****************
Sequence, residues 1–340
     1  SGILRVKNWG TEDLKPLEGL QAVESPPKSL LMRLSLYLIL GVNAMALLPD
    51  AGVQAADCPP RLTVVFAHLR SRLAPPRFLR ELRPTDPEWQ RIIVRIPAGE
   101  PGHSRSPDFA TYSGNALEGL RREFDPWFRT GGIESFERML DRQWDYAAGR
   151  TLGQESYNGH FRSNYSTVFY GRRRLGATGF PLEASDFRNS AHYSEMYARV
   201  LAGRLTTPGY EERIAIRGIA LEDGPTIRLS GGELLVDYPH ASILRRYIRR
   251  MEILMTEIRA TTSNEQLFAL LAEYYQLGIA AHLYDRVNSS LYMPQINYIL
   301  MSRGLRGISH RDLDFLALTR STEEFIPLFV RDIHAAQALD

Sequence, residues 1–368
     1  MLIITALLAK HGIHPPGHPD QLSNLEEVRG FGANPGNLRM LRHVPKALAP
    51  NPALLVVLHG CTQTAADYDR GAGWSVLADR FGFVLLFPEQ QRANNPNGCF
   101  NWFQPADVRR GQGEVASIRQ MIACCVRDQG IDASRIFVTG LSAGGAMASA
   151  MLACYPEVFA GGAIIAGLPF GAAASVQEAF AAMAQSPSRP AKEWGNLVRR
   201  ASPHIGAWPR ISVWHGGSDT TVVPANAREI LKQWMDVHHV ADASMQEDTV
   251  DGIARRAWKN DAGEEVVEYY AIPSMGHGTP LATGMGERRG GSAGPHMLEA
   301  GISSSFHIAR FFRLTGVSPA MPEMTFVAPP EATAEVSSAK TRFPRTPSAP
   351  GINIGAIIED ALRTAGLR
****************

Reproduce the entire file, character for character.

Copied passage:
Sequence, residues 1–340
     1  SGILRVKNWG TEDLKPLEGL QAVESPPKSL LMRLSLYLIL GVNAMALLPD
    51  AGVQAADCPP RLTVVFAHLR SRLAPPRFLR ELRPTDPEWQ RIIVRIPAGE
   101  PGHSRSPDFA TYSGNALEGL RREFDPWFRT GGIESFERML DRQWDYAAGR
   151  TLGQESYNGH FRSNYSTVFY GRRRLGATGF PLEASDFRNS AHYSEMYARV
   201  LAGRLTTPGY EERIAIRGIA LEDGPTIRLS GGELLVDYPH ASILRRYIRR
   251  MEILMTEIRA TTSNEQLFAL LAEYYQLGIA AHLYDRVNSS LYMPQINYIL
   301  MSRGLRGISH RDLDFLALTR STEEFIPLFV RDIHAAQALD

Sequence, residues 1–368
     1  MLIITALLAK HGIHPPGHPD QLSNLEEVRG FGANPGNLRM LRHVPKALAP
    51  NPALLVVLHG CTQTAADYDR GAGWSVLADR FGFVLLFPEQ QRANNPNGCF
   101  NWFQPADVRR GQGEVASIRQ MIACCVRDQG IDASRIFVTG LSAGGAMASA
   151  MLACYPEVFA GGAIIAGLPF GAAASVQEAF AAMAQSPSRP AKEWGNLVRR
   201  ASPHIGAWPR ISVWHGGSDT TVVPANAREI LKQWMDVHHV ADASMQEDTV
   251  DGIARRAWKN DAGEEVVEYY AIPSMGHGTP LATGMGERRG GSAGPHMLEA
   301  GISSSFHIAR FFRLTGVSPA MPEMTFVAPP EATAEVSSAK TRFPRTPSAP
   351  GINIGAIIED ALRTAGLR